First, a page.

Originally Posted by

**awkward** I'm going to assume that we consider

A={1}, B={1,2}

and

A={1,2}, B={1}

to be distinct cases.

How many ways are there to select two subsets without any restriction? Each element of {1, 2, ..., n} can be in

(1) neither A nor B,

(2) in A only,

(3) in B only, or

(4) in both A and B.

So there are 4^n ways to select A and B.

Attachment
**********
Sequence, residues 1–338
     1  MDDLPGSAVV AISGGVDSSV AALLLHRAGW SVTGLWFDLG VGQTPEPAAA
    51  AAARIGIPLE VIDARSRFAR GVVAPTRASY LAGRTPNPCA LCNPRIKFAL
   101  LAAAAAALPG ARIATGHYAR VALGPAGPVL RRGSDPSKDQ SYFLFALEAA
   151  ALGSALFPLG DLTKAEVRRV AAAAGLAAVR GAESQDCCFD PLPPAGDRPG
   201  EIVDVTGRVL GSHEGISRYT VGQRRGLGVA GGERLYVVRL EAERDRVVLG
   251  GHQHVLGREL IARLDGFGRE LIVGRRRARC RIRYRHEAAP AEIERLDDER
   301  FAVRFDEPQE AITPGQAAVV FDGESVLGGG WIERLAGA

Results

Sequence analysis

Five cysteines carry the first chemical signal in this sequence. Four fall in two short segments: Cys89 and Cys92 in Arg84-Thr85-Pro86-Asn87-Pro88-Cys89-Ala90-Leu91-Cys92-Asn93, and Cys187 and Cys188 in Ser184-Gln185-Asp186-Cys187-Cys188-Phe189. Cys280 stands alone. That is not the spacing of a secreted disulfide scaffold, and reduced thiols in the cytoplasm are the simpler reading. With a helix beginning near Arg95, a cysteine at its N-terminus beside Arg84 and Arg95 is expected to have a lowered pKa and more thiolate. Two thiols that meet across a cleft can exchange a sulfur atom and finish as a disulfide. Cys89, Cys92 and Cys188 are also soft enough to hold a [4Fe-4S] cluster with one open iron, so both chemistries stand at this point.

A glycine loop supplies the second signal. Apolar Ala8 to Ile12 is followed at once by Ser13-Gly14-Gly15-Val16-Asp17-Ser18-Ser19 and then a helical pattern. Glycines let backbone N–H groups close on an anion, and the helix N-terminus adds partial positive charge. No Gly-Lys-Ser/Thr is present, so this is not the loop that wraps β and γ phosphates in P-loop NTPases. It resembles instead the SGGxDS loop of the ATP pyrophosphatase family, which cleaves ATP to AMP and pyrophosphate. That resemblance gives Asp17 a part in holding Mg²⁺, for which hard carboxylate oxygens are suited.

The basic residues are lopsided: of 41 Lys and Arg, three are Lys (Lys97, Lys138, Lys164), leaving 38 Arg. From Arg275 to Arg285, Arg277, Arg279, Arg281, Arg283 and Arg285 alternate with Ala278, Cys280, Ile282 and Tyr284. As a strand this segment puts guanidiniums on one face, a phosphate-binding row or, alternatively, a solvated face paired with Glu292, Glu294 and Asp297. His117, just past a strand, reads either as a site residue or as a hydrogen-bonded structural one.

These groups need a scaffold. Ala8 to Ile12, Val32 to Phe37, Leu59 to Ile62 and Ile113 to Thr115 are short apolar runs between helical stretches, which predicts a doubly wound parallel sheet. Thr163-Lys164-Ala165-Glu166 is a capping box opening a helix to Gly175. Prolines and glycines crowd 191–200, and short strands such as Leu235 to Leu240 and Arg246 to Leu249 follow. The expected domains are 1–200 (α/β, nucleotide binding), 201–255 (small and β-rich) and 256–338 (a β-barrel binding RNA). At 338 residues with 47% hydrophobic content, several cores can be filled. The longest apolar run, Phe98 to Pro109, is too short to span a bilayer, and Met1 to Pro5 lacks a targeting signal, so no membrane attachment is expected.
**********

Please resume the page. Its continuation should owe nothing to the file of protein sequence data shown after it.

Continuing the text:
How many ways are there if A and B must be disjoint? We simply eliminate case (4) above. So there are 3^n ways to select A and B if they must be disjoint.

So the number of ways to select A and B if they must not be disjoint is 4^n - 3^n.